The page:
If you’re looking for a movie that offers a deeper view on the life of Harriet Tubman and her accomplishments, you’ll be sorely disappointed by Kasi Lemmons’ rote biopic Harriet. Tubman, who you most likely learned about in 4th or 5th grade, was a slave who escaped to the North and then become a powerful abolitionist and liberator, returning south multiple times to free more slaves. All that Harriet adds to this knowledge is that Tubman would get spells and visions of the future from God. This religious aspect is never probed with any curiosity or critique. It basically becomes a superpower that Tubman has, and while it’s fine to put Tubman in a mythic light, the film is too flat to render her supernatural. Harriet is a period movie where the protagonist occasionally gets visions that aid her in her duties. But there’s almost no insight into Tubman’s personality, her world, or her actions beyond what you probably already know.
Beginning in 1849, we meet “Minty” (Cynthia Erivo), a slave in Maryland whose master won’t agree to her freedom despite legal documents that would allow her to be freed. After the death of her master and now under the eye of his cruel son Gideon (Joe Alwyn) Minty resolves to run away to the north with her husband, but, not wanting to risk his freedom if he’s caught, makes the journey alone. When she arrives in Philadelphia, she meets with abolitionist William Still (Leslie Odom Jr.) and takes the new name “Harriet Tubman”. After spending a year working in Philadelphia, Harriet longs to be reunited with her husband and family, so she takes it upon herself to free them and bring them north.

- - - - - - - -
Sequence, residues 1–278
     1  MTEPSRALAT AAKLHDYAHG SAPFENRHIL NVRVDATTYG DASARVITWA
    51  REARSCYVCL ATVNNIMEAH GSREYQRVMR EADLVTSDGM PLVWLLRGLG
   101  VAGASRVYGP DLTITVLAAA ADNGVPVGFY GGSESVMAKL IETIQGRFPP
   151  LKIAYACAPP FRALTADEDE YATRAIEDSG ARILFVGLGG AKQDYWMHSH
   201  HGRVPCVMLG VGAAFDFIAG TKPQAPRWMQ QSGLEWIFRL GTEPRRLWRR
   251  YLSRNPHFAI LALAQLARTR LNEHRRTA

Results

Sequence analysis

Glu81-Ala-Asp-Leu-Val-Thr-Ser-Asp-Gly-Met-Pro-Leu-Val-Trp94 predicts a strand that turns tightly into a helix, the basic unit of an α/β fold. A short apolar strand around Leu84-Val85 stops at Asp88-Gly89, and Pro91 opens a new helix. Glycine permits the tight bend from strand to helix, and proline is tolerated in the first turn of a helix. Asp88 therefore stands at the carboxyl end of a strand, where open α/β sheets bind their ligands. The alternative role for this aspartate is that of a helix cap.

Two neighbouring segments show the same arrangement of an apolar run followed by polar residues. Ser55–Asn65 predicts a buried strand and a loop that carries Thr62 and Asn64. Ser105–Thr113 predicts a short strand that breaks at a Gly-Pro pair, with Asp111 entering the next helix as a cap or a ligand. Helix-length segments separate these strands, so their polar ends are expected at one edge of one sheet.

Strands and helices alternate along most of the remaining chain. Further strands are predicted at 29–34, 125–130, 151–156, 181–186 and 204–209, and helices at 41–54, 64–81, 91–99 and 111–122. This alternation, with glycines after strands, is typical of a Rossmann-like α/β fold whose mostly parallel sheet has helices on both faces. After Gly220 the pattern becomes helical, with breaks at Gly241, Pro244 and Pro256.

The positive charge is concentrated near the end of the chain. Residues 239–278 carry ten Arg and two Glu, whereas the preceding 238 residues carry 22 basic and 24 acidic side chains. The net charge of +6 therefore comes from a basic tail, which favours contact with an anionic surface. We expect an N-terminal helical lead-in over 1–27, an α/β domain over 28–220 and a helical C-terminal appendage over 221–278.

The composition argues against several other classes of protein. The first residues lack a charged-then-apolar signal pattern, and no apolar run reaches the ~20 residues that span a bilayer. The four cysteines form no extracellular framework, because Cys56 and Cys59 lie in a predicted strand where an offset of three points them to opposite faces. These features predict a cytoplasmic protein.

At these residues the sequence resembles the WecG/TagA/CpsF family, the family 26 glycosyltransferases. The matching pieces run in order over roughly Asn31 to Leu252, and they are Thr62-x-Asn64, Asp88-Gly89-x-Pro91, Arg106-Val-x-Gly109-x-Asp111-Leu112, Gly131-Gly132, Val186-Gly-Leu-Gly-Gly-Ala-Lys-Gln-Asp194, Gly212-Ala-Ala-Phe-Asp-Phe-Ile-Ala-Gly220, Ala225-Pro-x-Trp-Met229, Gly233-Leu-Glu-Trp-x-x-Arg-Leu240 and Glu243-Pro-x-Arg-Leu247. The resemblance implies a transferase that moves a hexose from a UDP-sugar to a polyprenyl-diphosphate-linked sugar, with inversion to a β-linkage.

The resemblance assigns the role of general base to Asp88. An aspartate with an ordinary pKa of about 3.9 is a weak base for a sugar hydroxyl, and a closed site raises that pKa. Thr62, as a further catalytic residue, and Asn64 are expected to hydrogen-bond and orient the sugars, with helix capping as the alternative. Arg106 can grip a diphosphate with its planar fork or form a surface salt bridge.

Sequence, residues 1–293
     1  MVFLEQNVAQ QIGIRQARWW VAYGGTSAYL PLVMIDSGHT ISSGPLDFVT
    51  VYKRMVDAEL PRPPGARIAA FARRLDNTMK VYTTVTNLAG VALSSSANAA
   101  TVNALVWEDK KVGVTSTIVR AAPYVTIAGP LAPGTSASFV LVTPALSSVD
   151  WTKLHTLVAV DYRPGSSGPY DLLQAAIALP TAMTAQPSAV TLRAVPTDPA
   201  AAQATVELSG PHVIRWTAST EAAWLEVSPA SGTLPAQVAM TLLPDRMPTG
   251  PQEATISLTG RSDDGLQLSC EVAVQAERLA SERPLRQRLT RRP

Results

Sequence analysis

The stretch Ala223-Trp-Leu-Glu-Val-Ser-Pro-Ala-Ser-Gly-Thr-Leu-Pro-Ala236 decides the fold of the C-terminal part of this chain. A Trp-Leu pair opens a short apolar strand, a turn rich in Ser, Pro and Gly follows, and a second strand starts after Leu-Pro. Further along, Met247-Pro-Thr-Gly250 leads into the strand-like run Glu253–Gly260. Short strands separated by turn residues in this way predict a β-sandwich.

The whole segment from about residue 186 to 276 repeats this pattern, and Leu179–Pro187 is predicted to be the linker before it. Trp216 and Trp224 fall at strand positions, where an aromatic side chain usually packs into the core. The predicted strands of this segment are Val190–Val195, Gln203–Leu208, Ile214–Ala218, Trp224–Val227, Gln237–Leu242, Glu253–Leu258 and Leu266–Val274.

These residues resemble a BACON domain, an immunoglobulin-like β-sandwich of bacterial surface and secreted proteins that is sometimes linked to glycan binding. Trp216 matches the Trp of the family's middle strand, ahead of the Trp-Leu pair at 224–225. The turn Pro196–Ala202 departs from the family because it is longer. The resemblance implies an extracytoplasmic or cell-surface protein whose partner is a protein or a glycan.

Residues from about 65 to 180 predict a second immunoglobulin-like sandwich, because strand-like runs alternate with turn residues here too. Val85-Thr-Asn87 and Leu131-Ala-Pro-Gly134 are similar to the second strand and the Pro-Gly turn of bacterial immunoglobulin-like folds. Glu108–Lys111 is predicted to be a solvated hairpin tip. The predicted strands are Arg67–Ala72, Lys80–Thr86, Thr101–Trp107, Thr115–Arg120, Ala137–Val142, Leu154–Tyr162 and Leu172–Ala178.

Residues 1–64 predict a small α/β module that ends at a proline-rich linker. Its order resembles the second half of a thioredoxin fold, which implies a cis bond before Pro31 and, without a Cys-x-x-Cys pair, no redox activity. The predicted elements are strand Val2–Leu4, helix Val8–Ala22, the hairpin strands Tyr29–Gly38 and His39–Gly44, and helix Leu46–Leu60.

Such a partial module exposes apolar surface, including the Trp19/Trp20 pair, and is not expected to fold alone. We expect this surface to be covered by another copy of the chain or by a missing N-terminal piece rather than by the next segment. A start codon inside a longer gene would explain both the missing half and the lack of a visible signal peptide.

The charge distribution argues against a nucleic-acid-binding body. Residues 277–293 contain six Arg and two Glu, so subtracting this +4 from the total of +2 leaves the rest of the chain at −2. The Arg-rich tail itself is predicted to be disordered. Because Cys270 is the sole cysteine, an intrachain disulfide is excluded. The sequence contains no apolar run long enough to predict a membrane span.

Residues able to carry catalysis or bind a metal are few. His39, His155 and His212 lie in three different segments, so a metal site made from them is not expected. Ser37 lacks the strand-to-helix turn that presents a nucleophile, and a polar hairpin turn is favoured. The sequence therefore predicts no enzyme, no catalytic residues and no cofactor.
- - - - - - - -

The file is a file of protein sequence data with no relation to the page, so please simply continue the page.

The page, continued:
It appears that Lemmons wants to lean into the “Moses” aspect of Harriet’s story, going by the nickname she earned freeing slaves, but also appropriate due to her frequent interactions with God. But Lemmons doesn’t do anything to build upon this beyond noting that God clearly doesn’t like slavery. That’s all well and good, but by keeping Harriet in close-up, we don’t get a look at any institution whether it be the slave trade or the Underground Railroad. And keeping the focus on Tubman would be fine except there’s no nuance or humanity to her character despite Erivo’s steely performance. She goes by a credo of “live free or die”, and we all nod in agreement, and that’s kind of the end of it.
The two-hour film presented here seems like just about the worst way to tell Harriet Tubman’s story. There’s no artistry to it, and while it may not be a cradle-to-grave biopic, it lacks any kind of flair. Given Tubman’s incredible story, it seems like a biopic would either be better suited to a John Adams-like miniseries that can really drill down on major episodes in Tubman’s life or a movie that focuses on a single event like Lincoln. Instead, Harriet is a cursory overview of stuff you already know (she freed slaves) or suspected (she loved her family). I get that the film probably had a miniscule budget, but by the time you get to the raid at Combahee Ferry, you’re wondering why the film devotes less than ten minutes to that event instead of making it the entire film. Why should the audience respect that accomplishment when the film relegates it to a nifty footnote?
There’s a good movie (or miniseries) to be made about Harriet Tubman, but Harriet isn’t it. It’s not an abysmal movie as much as it’s just a disappointing one. Tubman deserves to have a good movie made about her life and accomplishments, but Harriet is sterile and empty. It’s pretty much just a Wikipedia page but half as interesting.